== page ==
The request of the Broad Front was never applied. “This is a senator who has generated enormous resistance and who, as is understood, broke all the codes,” Rubio said. The left had also questioned Bianchi for a request for information that the senator had made requesting information on the functional situation of the president of the Association of Officials of UTU (Afutu), Mabel Mallo, who starred in a public counterpoint with President Luis Lacalle Pou. The opposition understood that the senator’s actions went against the full exercise of freedom of association and expression.
For Rubio, the Bianchi thing poses a fundamental problem, since it goes against what the Broad Front does not want, which is to “cultivate the gap” and that Uruguayan politics ends up assimilating to what happens in other countries. “You have to be careful,” he said.
Since the presidency of the commission belongs to the National Party, the alternative to Bianchi is Senator Gustavo Penadés. However, the FA will not be able to avoid the designation, since he is in the minority in Education. Bianchi, Penadés and Sanguinetti are joined by lobbyist Guido Manini Ríos. As representatives of the opposition, in addition to Nane, are Liliam Kechichian and Sebastián Sabini.
Another of the episodes by which the opposition resists Bianchi’s appointment as head of the Education Commission is the confrontation that he carried out earlier this month in the middle of a chamber session with the Frente Amplio member Amanda Della Ventura, who has just been appointed as a of the vice presidents of the Senate. Bianchi, who was presiding over that session, demanded that Della Ventura stop using Yes symbology for the referendum against the LUC that he had been wearing on his clothes.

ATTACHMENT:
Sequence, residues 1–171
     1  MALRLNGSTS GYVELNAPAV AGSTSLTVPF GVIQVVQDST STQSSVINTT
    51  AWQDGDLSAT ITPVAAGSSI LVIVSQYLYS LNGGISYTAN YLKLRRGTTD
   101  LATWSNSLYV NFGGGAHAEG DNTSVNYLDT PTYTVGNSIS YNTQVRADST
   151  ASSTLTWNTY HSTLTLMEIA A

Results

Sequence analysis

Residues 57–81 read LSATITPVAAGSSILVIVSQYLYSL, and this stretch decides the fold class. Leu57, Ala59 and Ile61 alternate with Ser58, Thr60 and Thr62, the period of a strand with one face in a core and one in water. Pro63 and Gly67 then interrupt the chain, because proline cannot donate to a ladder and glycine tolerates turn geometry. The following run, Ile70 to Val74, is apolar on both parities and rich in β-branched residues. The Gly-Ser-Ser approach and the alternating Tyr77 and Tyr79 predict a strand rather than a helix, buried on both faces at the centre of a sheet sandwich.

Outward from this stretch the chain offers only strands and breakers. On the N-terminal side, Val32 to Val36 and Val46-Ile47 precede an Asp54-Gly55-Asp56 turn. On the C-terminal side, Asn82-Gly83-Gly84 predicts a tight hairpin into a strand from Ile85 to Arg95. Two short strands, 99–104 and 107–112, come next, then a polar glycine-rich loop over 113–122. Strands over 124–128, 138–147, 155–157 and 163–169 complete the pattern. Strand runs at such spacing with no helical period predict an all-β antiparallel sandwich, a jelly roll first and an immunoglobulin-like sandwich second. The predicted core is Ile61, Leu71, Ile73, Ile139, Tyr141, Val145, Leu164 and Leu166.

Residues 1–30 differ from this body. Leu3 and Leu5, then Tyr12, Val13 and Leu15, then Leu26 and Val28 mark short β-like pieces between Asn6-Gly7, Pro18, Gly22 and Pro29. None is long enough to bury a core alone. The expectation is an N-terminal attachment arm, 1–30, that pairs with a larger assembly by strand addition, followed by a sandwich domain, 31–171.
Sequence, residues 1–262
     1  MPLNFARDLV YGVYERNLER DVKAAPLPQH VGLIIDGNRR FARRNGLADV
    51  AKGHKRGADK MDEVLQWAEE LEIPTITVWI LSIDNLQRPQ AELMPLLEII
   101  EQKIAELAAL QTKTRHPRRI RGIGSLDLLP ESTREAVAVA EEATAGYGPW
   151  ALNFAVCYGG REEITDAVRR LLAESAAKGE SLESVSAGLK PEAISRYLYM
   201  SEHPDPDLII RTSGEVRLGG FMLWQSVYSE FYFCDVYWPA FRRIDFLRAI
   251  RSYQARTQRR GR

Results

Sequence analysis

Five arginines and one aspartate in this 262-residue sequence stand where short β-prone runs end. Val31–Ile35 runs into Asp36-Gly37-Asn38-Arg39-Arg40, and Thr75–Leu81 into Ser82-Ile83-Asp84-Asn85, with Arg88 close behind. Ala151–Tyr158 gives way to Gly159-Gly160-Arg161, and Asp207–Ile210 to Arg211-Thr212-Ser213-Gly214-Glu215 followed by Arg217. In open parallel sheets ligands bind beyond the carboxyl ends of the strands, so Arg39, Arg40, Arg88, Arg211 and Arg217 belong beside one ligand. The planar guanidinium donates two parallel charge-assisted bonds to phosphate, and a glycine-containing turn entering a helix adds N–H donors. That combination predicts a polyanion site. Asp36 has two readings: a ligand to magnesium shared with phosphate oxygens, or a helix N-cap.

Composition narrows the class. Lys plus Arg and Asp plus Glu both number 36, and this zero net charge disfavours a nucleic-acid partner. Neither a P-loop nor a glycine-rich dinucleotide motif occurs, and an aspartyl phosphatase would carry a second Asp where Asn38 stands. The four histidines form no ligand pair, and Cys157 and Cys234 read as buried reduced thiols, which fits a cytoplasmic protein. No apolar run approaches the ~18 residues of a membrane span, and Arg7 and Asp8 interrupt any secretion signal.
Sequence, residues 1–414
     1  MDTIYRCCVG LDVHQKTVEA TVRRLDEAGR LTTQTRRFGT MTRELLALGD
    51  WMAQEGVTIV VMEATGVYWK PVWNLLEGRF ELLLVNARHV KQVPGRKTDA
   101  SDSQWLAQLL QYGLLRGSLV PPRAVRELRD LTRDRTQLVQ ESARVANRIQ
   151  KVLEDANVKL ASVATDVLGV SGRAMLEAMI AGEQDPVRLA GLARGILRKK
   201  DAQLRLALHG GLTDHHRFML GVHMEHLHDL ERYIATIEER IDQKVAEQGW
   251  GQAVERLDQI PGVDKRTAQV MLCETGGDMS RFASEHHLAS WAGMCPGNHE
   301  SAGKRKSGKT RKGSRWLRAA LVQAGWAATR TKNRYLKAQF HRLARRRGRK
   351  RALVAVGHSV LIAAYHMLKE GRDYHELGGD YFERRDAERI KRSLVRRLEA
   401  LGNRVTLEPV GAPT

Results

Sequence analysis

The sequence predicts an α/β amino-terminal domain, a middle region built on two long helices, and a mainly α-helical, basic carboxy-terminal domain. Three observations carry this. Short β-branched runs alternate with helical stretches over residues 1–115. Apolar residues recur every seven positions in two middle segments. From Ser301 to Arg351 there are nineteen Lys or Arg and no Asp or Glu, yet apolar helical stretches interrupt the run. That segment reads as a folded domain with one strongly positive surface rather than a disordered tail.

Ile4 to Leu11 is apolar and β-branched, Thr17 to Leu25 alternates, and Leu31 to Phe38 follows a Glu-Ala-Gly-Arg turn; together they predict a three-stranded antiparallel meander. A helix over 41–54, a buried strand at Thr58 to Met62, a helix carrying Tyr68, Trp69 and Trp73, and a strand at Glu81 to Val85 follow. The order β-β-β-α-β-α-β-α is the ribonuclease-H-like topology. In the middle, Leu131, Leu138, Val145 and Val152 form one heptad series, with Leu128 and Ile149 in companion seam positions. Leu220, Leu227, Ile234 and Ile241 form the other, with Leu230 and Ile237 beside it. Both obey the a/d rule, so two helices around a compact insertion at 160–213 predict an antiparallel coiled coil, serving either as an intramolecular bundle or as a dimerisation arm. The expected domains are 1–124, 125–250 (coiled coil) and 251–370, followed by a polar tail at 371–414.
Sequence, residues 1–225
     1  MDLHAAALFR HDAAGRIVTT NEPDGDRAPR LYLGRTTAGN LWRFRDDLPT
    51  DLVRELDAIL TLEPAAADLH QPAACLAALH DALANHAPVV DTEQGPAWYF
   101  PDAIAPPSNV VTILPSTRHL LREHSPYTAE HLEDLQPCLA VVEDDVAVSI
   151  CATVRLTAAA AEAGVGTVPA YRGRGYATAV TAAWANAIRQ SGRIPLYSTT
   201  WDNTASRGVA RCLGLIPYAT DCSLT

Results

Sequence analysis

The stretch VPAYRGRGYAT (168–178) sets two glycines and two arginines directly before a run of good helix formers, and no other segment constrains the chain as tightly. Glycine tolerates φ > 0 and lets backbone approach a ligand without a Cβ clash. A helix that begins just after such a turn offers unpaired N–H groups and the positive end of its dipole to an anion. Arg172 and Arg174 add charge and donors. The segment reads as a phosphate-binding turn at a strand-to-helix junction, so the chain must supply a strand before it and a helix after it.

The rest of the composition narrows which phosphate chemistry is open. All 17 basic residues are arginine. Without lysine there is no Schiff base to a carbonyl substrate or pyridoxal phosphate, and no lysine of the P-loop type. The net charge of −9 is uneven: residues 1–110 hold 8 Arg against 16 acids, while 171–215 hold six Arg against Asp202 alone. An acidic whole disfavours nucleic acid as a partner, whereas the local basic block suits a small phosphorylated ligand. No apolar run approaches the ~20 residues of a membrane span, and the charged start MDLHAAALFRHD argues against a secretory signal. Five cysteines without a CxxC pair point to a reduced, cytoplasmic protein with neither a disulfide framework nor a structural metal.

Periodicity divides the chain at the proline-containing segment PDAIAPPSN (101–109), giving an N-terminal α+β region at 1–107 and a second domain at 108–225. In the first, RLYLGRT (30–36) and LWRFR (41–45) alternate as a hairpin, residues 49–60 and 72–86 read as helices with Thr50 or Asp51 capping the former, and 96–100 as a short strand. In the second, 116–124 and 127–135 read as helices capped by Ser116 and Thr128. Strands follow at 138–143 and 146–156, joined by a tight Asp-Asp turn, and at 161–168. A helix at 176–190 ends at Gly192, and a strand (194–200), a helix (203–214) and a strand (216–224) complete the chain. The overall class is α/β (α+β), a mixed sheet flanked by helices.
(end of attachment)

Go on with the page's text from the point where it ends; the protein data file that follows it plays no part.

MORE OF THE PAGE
The request degenerated into a harsh exchange, which culminated in a strong political statement by the FA once the incident was over.
There have been several figures identified with the opposition who ask that President Luis Lacalle Pou and other main government actors put “limits” on the nationalist senator. At the beginning of this year, the president of the Broad Front, Fernando Pereira, had considered that the National Party should “take action on the matter” after Bianchi spoke of an “infiltration” in the Judiciary.
Recently, the president of the Ancap Federation (Fancap), Gerardo Rodríguez, announced that he had sent a letter to President Lacalle indicating that he was analyzing denouncing Bianchi and asking him to put an end to the “nonsense” of the senator, whom he accused of “assaulting, misrepresent and attempt to intimidate through alleged secret and unconstitutional investigations”, referring to the senator’s questioning of her functional role in the public company and her role in the referendum against the LUC.
“Lacalle knows that I am not speaking in vain,” Bianchi had told The Observer at the end of February, by assuring that the president never called his attention. “We don’t need to talk, we guess,” he pointed out. “You know you can’t scold me.”